Social media has been abuzz with talk of some very long-distance guests arriving in time for the total solar eclipse. But reality so far isn’t substantiating some of those reports.

For example, the talk of whether St. Joseph should gear up for a large number of guests from Japan can’t be verified by those who would be among the best in a position of knowing.

Brandon Butcher, general manager for Menard’s in St. Joseph, confirmed to News-Press Now on Tuesday the company was contacted more than two years ago by emissaries of a Japanese group interested in the Menard’s site in St. Joseph for the eclipse. But he stressed that nothing has ever since surfaced beyond that initial entreaty.

“We were contacted by a group from Japan requesting information ... They came here,” Butcher said, adding the approach included discussions with a prior Menard’s general manager. He has only worked at the St. Joseph store for about the past year.

No deal was ever negotiated, and no interest was ever voiced in having amenities set up for the viewing, outside of the sole original interest in the space itself.

They were told they should speak directly with the company’s main office on their request. Butcher said Menard’s property development team would have to sign off on such an agreement, and he said no such word about renting the space has ever been forwarded to the local store.

“I’ve been in constant communication with them,” he said, referring to the company’s home office and the situation. No other groups have submitted similar questions to Menard’s. Yet Butcher admitted word of mouth and social media, including Facebook, have been humming with chatter about a Japanese group planning to arrive at Menard’s for the eclipse — and with that talk carrying information about paying for the right to use the area. There have also been reports about a Russian group interested in the business’ site to observe the celestial phenomenon.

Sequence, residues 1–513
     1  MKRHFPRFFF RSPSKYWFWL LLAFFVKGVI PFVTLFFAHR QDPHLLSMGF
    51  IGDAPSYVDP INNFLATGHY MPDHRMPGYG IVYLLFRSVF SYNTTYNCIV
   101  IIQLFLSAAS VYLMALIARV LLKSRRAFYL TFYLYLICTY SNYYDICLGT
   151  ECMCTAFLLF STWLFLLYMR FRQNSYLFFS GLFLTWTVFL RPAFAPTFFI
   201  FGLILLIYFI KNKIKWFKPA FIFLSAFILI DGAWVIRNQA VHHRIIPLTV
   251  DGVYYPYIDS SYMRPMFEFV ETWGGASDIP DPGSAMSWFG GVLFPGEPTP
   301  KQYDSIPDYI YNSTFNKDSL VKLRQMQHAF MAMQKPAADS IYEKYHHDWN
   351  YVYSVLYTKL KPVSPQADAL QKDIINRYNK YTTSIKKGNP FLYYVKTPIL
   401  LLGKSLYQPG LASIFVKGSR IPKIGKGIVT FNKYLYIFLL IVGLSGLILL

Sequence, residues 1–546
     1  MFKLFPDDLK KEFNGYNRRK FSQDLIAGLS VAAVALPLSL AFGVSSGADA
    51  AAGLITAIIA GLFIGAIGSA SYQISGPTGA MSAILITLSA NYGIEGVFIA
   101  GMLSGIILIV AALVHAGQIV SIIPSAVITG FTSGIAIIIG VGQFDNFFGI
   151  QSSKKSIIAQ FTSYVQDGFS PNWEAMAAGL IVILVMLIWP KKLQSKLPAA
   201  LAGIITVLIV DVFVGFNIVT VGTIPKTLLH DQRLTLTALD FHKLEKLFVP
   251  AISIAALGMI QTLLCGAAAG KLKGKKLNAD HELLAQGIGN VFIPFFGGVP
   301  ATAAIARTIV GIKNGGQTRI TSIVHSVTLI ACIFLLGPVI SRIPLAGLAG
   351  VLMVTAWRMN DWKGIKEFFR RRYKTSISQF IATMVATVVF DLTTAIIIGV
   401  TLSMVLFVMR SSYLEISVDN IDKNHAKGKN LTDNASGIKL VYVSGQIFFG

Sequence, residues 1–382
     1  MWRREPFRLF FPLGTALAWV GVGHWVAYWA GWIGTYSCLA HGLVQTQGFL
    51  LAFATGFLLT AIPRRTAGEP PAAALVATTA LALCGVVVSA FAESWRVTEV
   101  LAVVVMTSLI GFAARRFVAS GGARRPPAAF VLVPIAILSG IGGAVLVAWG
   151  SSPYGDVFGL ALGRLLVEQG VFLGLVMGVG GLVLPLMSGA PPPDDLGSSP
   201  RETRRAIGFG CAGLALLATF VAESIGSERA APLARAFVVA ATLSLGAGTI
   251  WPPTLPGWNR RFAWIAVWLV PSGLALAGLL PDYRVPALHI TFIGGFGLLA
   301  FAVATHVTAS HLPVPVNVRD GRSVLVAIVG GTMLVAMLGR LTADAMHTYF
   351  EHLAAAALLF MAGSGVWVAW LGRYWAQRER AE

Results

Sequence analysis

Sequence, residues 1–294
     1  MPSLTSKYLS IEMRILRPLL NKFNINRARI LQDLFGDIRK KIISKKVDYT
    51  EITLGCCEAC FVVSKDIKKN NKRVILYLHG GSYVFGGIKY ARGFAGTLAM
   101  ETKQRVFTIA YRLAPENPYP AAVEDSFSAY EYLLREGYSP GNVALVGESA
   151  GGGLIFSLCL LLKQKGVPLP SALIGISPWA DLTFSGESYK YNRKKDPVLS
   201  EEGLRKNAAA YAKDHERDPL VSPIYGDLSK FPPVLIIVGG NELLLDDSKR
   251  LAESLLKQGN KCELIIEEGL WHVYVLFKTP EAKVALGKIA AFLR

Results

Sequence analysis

“We’ve kind of heard it all,” he added.

Rather than dwell on the lost opportunity, though, Menard’s has instead chosen to make its parking lot available for the general populace of eclipse fans next Monday. The space will be available to the public for free.

“Basically, it’s (on) a first-come, first-served (basis),” Butcher said. “We will be open normal hours.”

Steve Bratt, of the Kawasaki plant in Maryville, said he was unaware of any plans by the company’s corporate leadership in Japan for staging a visit to St. Joseph for the eclipse — dismissing yet another claim that seems to have an unknown digital genesis that’s circulating throughout the area.

Meanwhile, at the nearby St. Joe Harley-Davidson, employees are preparing for a Monday crowd that will utilize parts of the business’ parking lots also on first-come, first-served basis. Kaycee Cridlebaugh, who assists with the dealership’s Ebay page and marketing, said the Pony Express HOG (Harley Owners Group) chapter will serve grilled food during the day. She said the event is planned to run from 10 a.m. to 4 p.m.

Cridelbaugh said a HOG chapter from Texas is due to attend, along with other individual visitors expected from California, Tennessee and Illinois.

She had also heard about the Japanese curiosity focused on procuring an eclipse site somewhere in the vicinity.

Elsewhere in St. Joseph, Stoney Creek Hotel & Conference Center confirmed it’s expecting visitors for the eclipse from across the nation. The Shakespeare Chateau Inn and Gardens also is planning to lodge some long-distance travelers, according to Isobel McGowan, the innkeeper.

A family of three from Madrid, Spain, cemented its reservations at the business three years ago, she said.

“The first I heard of the eclipse,” McGowan said of the Spaniards’ plans at the time.

She said the family consists of a father, mother, and child — all with a keen enthusiasm for the eclipse.

The chateau will have no vacancy for the five days that commence with Friday, McGowan said. Other guests there will be hailing from Wisconsin, California and Arizona.

The St. Joseph Convention & Visitors Bureau said it cannot confirm any of the purported word-of-mouth and social media announcements about potential worldwide interest in Northwest Missouri as the ideal eclipse location.

“We have fielded many, many calls from international groups” interested in information about the city, said Marci Bennett, its executive director.

She said astronomers from the Great Britain and Australia will be in town for the event. The bureau also is busily monitoring a veritable plethora of out-of-state travel arrangements from various and sundry motorcoach groups.

Ray Scherer can be reached at Follow him on Twitter: @SJNPScherer.